As would be cram'd up in a sheet of paper,
Writ on both sides the leaf, margent and all;
That he was fain to seal on Cupid's name.

Rofa. That was the way to make his God-head wax, For he hath been five thousand years a boy.

Cath. Ay, and a shrewd unhappy gallows too.
Rofa. You'll ne'er be friends with him; he kill'd

your fifter.



Cath. He made her melancholy, sad and heavy, And so she died; had she been light, like you, Of such a merry, nimble, stirring spirit, She might have been a grandam ere she dy'd. And so may you; for a light heart lives long. Rofa. What's your dark meaning, moule, of this

light word? Cath. A light condition, in a beauty dark. Roja. We need more light to find your meaning

Cath. You'll marr the light, by taking it in snuff: Therefore I'll darkly end the argument.

Rosa. Look, what you do ; and do it still i'th' dark.
Cath. So do not you, for you are a light wench.
Rosa. Indeed, I weigh not you; and therefore light.
Cath. You weigh me not ; O, that's, you care not
Rofa. Great reason; for past Cure is still past Care.(40)

Prin. Well bandied both; a set of wit well play'd.
But, Rosaline, you have a Favour too:
Who sent it? and what is it?

for me.


as much Love in Rhyme, As would be cram'd up in a Sheet of Paper,

Writ on both fides the Leaf, margent and all.] I dare not affirm This to be an Imitation, but it carries a mighty Resemblance of this Passage in the Beginning of Juvenal's first Satire.

summi plenâ jàm margine libri! Scriptus, & in tergo, nec dùm finitus Orestes. (40)

for past Care is fill paf Cure.) The Transposition which I have made in the two Words, Care and Cure, is by the Diriction of the ingenious Dr. Thirlby. The Reason speaks for it felf.

Rofa. Rofa. I would, you knew.' And if my face were but as fair as yours, My favour were as great; be witness this. Nay, I have verses too, I thank Biron. The numbers true; and were the numbring too, I were the fairest Goddess on the ground. I am compar'd to twenty thousand fairs. O, he hath drawn my picture in his letter. Prin. Any thing like? Rosa. Much in the letters, nothing in the praise. Prin. Beauteous as ink; a good conclusion. Cath. Fair as a text B in a copy-book. Rosa. Ware pencils. How? let me not die your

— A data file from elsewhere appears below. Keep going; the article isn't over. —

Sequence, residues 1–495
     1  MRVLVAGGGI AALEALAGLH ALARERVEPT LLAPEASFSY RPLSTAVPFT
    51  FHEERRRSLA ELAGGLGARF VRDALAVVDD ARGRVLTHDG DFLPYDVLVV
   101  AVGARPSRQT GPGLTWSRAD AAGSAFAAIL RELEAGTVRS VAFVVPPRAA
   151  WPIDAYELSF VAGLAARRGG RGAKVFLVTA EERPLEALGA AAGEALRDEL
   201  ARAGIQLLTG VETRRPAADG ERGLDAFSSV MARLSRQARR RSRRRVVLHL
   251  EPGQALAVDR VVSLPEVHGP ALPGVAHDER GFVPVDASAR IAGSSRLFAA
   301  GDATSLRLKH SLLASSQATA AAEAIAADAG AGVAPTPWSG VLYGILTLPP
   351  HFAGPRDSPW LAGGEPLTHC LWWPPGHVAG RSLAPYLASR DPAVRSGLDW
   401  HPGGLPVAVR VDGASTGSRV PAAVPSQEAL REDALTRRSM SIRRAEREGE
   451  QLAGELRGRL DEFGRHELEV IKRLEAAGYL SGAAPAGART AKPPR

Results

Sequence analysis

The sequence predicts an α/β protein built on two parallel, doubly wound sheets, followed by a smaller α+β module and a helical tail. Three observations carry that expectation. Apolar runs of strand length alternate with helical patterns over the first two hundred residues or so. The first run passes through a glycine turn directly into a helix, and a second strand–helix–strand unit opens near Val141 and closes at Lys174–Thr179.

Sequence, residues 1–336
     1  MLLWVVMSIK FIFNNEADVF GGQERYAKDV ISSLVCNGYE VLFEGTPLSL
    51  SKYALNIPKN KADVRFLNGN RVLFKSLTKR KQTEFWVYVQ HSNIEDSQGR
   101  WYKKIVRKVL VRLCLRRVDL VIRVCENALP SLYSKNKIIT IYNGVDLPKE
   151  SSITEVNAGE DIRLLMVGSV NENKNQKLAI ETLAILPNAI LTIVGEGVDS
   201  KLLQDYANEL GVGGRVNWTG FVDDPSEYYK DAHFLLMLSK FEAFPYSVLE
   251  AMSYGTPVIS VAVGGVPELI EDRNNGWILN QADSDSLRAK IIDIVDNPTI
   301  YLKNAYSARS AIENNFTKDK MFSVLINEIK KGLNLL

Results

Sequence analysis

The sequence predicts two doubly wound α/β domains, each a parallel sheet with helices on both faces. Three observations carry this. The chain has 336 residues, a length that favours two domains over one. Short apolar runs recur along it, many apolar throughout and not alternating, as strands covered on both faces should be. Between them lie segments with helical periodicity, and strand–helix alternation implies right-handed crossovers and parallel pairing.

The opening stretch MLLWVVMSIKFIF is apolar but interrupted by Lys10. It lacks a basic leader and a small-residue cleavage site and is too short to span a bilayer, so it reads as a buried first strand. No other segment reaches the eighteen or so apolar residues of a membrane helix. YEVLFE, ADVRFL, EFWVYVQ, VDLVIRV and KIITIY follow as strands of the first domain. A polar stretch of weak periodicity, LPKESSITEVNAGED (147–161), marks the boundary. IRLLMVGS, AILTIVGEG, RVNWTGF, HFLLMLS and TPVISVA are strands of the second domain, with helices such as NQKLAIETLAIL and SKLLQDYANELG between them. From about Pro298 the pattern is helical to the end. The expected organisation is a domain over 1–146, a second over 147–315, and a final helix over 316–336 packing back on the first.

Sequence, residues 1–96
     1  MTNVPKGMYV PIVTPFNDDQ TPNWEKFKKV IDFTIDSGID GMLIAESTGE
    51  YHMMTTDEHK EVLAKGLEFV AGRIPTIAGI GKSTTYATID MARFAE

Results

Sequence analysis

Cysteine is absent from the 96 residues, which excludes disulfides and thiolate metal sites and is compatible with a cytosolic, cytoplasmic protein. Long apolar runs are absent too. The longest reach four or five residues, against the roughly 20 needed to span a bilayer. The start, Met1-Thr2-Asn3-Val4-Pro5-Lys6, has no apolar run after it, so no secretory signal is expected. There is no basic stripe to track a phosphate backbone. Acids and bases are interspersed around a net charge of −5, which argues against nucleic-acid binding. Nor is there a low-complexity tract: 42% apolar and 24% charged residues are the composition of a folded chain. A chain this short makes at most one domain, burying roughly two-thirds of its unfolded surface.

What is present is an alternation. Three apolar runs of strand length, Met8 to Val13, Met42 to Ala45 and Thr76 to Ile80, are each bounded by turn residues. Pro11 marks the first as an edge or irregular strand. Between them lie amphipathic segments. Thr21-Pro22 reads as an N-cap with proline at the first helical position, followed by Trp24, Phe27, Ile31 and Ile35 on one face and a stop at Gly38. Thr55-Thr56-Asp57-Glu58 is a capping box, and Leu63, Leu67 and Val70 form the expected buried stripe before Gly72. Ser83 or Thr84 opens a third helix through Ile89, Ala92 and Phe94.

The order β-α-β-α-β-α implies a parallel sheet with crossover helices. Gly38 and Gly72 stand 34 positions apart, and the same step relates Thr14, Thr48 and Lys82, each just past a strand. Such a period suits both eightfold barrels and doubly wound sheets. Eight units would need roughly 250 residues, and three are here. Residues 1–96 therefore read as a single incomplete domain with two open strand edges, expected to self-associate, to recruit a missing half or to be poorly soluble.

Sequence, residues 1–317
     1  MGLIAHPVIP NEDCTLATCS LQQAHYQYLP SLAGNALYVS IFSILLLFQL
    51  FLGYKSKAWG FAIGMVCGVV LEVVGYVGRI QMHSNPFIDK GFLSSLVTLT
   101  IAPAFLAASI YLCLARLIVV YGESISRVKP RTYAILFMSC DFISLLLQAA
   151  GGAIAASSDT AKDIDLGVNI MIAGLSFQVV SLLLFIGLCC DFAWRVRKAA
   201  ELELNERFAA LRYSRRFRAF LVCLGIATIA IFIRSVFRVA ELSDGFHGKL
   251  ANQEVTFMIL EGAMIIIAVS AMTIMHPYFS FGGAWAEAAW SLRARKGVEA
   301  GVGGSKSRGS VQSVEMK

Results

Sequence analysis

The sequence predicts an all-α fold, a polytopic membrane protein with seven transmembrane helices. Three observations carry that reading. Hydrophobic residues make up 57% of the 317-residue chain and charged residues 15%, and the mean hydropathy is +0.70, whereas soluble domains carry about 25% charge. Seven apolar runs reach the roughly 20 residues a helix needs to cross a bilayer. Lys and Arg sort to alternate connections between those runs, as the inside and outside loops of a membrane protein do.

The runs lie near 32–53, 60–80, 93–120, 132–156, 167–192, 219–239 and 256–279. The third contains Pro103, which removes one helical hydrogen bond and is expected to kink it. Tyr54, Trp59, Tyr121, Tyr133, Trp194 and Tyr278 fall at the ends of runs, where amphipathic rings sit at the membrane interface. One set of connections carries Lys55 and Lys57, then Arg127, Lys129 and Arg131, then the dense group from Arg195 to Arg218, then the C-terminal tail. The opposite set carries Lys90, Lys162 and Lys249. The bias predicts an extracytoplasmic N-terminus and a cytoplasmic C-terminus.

My red dominical, my golden letter.
O, that your face were not so full of Oes!

Cath. Pox of that jest,and I beshrew all shrews: (41)
Prin. But what was sent to you from fair Dumaine ?
Cath. Madam, this glove.
Prin. Did he not send you twain?
Cath. Yes, madam; and moreover,


Some thousand verses of a faithful lover.
A huge translation of hypocrisie,
Vildly compild, profound fimplicity,

Mar. This, and these pearls, to me sent Longaville ; The letter is too long by half a mile.

Prin. I think no less; dost thou not wish in heart, The chain were longer, and the letter short?

Mar. Ay, or I would these hands might never part. Prin. We are wise girls, to mock our lovers for't.

Rofa. They are worse fools to purchase mocking so. That same Biron I'll torture, ere I go. O, that I knew he were but in by th' week,

(41) «Prin. Pox of that jeaft, and I befhrew all Shrews. As the Princess has behav'd with great Decency all along hitherto, there is no Reason to be assign'd why she should start all at once into this course Dialect. But I am perswaded, the Editors only have made her go out of Character. In short, Rosaline and Catharine are rallying one another without Reserve; and to Catharine this first Line certainly belong’d, and therefore I have ventur'd once more to put her in Possession of it.